As a Singapore Civil Defence Force (SCDF) firebiker, he attends to many emergencies and is used to the sight of blood or severe injuries.
But what Staff Sergeant Md Hilmi Md Fuad has found hardest to forget is the image of a terrified boy, screaming “help me” repeatedly from behind a padlocked metal gate about three years ago.
SSG Hilmi had been told by residents that an eight-year-old boy was inside the smoke-filled fourth-floor unit. “The boy was alone at home. But the front gate was locked and there was a fire raging in the living room,” SSG Hilmi, 31, told The Straits Times recently. ” I had to work fast to get him out.”
He cut the padlock with a power tool and yanked the boy out before entering the flat to put out the fire in the living room using a 25kg compressed air foam (CAF) system.
Clearly, first-responders like SSG Hilmi, who regularly put their lives in harm’s way to save others, are important. They can get to an incident site quickly on their three-wheel Piaggio scooters .
Since 2013, more than 230 Fire and Rescue Specialists (FRS) have been trained as Emergency Medical Technicians (EMT). They are proficient in fire-fighting as well as medical emergencies such as cardiac arrest, breathing difficulties and injuries from traffic accidents.
About 180 of these FRS-EMTs are “deployed as firebikers at 30 bases, 24/7”, according to the SCDF.
Over two days, this ST reporter was able to watch up close SSG Hilmi’s daily routine at Sengkang Fire Station where he has been posted since October 2010.
At the station’s emergency vehicle parking bay, a pair of boots with fire-proof pants placed over them seemed out of place next to SSG Hilmi’s 400cc scooter. His jacket and motorcycle helmet are arranged neatly on the scooter.
“I need to gear up in less than a minute and head out as quickly as possible,” said SSG Hilmi, who is married and has three daughters.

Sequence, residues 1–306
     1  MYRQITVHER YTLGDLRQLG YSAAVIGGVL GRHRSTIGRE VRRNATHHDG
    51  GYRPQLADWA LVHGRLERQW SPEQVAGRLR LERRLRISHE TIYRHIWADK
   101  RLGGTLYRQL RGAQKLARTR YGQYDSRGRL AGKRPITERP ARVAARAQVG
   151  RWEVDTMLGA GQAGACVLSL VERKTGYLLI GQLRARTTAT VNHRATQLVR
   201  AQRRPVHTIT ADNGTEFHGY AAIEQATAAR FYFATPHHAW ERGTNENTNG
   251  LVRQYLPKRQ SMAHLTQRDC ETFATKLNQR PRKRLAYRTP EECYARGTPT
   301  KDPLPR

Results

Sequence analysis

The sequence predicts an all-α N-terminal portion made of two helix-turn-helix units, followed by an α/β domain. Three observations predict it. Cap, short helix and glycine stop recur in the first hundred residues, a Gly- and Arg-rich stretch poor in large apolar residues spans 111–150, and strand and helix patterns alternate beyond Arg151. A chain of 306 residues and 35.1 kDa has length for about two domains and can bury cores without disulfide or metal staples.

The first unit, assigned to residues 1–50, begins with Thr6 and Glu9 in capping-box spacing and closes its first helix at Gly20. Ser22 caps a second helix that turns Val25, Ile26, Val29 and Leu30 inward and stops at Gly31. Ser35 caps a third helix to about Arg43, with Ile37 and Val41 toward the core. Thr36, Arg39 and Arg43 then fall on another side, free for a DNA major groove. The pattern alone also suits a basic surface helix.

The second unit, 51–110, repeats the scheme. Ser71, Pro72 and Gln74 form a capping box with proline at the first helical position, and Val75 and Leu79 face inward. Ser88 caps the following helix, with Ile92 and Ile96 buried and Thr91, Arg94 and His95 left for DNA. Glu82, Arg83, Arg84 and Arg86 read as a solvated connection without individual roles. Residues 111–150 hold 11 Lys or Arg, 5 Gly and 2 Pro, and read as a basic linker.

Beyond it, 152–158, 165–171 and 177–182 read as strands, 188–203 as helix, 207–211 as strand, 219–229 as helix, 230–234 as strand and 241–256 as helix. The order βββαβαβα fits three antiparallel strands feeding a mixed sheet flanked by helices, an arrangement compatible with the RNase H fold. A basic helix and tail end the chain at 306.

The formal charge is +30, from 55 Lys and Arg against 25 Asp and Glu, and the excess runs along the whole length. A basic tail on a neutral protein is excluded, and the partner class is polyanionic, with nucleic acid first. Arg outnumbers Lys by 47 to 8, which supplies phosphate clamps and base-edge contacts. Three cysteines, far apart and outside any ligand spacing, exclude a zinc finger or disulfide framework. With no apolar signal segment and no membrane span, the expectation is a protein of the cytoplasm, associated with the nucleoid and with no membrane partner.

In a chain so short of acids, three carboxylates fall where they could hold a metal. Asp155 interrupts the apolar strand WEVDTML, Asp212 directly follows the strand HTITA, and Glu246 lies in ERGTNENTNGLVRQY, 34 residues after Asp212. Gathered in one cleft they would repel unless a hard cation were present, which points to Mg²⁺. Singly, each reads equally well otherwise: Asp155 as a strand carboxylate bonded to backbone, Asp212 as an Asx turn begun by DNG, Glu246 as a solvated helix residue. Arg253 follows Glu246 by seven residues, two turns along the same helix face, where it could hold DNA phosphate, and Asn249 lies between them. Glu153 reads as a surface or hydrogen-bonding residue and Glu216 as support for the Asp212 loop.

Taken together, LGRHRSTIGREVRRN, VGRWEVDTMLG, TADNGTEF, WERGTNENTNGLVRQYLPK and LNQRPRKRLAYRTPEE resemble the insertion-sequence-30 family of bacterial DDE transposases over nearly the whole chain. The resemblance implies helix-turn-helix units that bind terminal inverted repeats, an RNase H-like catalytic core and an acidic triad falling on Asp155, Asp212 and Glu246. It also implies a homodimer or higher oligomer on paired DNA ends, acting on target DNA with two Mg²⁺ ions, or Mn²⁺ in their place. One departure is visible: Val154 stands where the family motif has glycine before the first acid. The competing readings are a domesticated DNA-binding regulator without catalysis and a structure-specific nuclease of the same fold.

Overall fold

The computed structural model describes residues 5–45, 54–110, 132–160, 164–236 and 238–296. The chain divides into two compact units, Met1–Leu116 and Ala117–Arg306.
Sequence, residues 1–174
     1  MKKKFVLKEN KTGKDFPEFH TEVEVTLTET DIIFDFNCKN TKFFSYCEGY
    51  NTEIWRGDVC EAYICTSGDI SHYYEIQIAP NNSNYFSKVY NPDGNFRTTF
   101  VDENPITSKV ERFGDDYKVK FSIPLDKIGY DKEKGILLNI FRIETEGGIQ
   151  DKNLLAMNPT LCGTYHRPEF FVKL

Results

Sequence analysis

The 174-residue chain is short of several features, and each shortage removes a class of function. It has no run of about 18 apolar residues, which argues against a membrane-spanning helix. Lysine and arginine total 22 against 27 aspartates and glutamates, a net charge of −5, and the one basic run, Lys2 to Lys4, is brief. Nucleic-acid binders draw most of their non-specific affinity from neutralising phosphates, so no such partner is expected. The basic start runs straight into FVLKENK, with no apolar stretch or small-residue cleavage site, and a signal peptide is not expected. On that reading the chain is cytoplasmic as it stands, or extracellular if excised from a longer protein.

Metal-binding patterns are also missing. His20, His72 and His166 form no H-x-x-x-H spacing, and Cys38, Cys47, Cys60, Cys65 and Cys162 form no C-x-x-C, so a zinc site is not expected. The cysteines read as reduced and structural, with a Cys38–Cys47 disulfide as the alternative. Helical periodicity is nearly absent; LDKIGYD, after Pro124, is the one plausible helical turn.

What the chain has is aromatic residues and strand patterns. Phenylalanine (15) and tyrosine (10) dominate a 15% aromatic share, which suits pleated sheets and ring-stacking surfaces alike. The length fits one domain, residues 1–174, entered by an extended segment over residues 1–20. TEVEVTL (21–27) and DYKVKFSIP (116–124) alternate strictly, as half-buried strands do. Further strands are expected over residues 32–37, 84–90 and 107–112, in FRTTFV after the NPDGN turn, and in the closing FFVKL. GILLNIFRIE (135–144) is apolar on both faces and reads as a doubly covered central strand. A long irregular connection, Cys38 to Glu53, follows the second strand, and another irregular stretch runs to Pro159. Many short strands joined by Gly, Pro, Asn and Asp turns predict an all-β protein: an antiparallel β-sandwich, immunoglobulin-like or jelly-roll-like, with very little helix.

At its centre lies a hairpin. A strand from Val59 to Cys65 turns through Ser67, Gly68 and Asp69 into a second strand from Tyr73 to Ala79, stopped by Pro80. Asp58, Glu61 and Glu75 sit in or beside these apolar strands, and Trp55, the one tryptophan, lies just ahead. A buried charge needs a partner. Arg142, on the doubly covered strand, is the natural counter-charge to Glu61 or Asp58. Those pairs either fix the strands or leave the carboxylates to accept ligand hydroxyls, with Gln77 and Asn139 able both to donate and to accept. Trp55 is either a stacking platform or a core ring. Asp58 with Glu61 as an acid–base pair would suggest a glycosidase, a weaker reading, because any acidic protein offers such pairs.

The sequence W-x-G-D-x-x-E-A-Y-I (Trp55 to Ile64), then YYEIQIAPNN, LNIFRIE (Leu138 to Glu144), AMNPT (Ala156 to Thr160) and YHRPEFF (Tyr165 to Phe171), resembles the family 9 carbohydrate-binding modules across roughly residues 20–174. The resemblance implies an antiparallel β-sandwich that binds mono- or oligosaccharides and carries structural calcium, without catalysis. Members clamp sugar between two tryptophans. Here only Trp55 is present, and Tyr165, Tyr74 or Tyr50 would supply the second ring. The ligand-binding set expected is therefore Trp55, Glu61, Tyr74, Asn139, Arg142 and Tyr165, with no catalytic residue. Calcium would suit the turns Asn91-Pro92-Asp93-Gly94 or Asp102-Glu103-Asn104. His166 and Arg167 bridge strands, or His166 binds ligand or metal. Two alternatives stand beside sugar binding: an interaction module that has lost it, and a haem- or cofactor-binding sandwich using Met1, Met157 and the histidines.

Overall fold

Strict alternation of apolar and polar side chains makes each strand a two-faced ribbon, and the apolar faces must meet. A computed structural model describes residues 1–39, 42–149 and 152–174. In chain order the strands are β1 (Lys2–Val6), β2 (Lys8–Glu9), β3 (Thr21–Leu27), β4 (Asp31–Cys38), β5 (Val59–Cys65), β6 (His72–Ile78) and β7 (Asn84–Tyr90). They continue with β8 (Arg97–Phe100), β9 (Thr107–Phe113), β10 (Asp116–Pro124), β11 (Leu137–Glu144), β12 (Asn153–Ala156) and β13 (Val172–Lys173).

Every minute counts in an emergency. Being first at the scene means that SSG Hilmi is able to relay vital information to the Operations Room at SCDF headquarters.
From April to December last year, FRS-EMTs on fire bikes responded to 12,033 life-threatening cases. They also responded to 1,603 fire and rescue incidents last year.
Key to a victim’s survival is the so-called “golden hour” when a person has to be stabilised before being taken to hospital for further medical treatment, said SSG Hilmi.
Each time he is activated – which could be as many as five times in a 24-hour cycle – SSG Hilmi’s mind races: “I have to know if the victim is conscious or not. I will ask on air if CPR is in progress. I will think of what to do first as I’m riding there.”
He has also come across severe injury cases in which the chances of survival were slim. In one such case last year, SSG Hilmi attended to a bike rider in his 20s who was bleeding from the nose and mouth following a collision with a car. He had multiple leg fractures and was breathing with difficulty.
“I’m a biker too… His condition just saddened me,” said SSG Hilmi. “The least I could do was to give my best before more help arrived.”
All firebikers must complete a six-week Emergency Medical Technician course, followed by a two-week firebike course. They must be familiar with how their bikes handle when carrying heavy equipment like the CAF system backpack, 15kg forcible-entry tool bag and medical bag.
It is not unusual for SSG Hilmi to climb the stairs carrying the CAF system backpack, breathing apparatus and a forcible-entry tool bag when fighting a fire.”You’ll get used to the weight and heat,” he said as he began his workout on the cycling machine at the station’s gym. He uses the “down time” to check equipment or do physical exercises.
Just then, an emergency message came over the public address system, prompting a handful of sweaty SCDF officers to rush out of the gym.
“At least they have their clothes on. Imagine being turned out when you’re taking a shower,” said SSG Hilmi with a smile.